1. OK, Collin it is me saniflush. Now that I am on your blog and can therefore expand your picture I like it. But before on the CNN site it was so small only a mother, your wife, or a philatelist could love it.

    I am glad on this blog you referred to yourself as a conservative rather than the "arch conservative" you used on CNN. I detest all such labels as inhibiting dialogue, but even more "arch" most anything.


  2. Don't let the negative comments stand in your way. You did an extremely brave thing, and in the end I am certain you will be victorious.

  3. Your story highlights the fact that there is still a HUGE stigma attached to mental health or mental illness, whichever way you look at it. There are scores of people in this world who function perfectly well while taking antidepressants. Yet, it is not information they readily share with employers, etc. Diabetes is not viewed as a person's flaw, yet depression is viewed by others very differently. Even health insurance dictates less coverage for mental health issues. Time to turn things around. Thanks for helping.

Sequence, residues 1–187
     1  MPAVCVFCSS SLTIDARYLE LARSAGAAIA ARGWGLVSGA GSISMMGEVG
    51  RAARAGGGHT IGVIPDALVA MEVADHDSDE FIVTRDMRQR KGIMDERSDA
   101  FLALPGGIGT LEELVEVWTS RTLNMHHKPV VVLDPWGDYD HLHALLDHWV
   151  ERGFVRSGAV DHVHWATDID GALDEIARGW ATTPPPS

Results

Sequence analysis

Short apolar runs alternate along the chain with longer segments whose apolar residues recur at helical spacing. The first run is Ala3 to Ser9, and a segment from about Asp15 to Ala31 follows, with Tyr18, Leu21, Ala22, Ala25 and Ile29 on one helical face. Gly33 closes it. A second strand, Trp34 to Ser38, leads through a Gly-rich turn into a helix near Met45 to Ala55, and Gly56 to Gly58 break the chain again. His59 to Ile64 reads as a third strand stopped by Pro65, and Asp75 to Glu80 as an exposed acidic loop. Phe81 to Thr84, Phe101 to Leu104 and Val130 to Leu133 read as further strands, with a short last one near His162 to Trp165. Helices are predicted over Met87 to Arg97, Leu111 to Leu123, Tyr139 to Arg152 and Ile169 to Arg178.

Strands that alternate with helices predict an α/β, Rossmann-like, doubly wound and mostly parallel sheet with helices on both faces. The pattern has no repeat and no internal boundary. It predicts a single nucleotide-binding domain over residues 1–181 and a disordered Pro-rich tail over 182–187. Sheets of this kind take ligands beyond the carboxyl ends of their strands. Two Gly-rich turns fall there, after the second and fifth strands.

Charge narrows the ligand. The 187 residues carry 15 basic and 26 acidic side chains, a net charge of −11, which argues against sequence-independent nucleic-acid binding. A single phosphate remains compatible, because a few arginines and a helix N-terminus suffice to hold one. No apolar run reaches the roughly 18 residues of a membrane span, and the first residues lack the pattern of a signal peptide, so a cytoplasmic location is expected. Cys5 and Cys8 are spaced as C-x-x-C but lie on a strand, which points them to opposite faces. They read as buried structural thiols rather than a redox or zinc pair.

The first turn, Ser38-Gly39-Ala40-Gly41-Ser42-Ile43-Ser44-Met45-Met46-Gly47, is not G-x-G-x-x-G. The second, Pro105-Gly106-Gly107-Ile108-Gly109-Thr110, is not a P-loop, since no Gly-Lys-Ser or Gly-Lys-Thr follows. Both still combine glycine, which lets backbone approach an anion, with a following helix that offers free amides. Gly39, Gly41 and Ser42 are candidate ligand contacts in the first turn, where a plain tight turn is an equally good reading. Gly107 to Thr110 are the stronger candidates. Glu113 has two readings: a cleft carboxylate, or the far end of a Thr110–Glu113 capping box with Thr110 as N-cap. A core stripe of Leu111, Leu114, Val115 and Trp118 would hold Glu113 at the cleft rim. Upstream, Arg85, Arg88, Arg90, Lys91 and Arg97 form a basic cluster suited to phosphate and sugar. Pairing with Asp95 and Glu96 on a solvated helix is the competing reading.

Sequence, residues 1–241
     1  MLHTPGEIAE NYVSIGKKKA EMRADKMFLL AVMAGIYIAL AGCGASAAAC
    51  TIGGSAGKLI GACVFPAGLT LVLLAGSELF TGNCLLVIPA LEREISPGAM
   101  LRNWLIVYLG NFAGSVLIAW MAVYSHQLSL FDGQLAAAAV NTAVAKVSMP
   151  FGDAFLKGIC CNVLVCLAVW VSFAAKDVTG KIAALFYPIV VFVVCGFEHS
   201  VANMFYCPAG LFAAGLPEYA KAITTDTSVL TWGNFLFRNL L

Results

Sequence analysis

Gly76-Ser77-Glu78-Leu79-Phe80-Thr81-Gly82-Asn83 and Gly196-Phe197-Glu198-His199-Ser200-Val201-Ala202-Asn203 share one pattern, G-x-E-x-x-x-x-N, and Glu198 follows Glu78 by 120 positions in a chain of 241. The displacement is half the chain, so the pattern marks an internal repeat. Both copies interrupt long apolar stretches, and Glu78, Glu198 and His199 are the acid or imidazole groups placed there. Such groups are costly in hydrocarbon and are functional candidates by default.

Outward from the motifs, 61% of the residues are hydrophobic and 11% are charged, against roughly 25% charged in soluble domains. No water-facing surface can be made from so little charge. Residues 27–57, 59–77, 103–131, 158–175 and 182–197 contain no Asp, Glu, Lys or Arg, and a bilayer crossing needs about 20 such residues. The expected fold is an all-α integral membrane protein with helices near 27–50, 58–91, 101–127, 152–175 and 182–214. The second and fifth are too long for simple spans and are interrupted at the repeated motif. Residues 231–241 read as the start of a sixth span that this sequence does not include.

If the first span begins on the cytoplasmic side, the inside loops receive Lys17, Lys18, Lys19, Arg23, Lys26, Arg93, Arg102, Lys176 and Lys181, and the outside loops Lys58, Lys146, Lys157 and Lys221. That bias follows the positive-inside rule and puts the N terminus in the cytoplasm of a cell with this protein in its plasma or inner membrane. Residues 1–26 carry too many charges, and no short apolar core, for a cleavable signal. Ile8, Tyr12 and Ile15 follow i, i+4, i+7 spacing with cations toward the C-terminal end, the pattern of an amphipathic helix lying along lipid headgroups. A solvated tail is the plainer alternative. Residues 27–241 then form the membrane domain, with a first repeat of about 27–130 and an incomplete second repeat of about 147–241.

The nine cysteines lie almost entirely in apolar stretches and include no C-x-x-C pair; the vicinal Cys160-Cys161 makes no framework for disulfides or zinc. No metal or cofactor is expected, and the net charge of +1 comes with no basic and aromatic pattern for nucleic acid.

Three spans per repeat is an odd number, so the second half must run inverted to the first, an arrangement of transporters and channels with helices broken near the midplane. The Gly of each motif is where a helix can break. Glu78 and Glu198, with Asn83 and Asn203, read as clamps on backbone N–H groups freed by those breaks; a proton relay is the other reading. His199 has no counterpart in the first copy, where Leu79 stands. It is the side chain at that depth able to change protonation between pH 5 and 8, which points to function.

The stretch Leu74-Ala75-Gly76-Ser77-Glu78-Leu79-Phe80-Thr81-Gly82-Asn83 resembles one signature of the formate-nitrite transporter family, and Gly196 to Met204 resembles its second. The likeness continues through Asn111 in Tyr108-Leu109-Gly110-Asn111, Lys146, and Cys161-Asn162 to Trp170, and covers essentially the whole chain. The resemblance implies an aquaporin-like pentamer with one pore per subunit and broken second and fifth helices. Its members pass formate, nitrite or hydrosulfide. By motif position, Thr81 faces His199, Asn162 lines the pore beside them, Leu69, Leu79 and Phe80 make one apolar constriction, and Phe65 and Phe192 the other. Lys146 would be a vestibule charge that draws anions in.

4. Mr. Hughes,

    First and foremost, let me say thank you, thank you, THANK YOU! I was SO encouraged when I heard of the new FAA regulations. Last summer, I was planning on attending the Delta Connection Academy in Florida. I was in a "rut" with my current career (Information Technology), and when I saw an ad on a website about becoming a commercial pilot, I immediately jumped at the chance. Little did i know what lied ahead.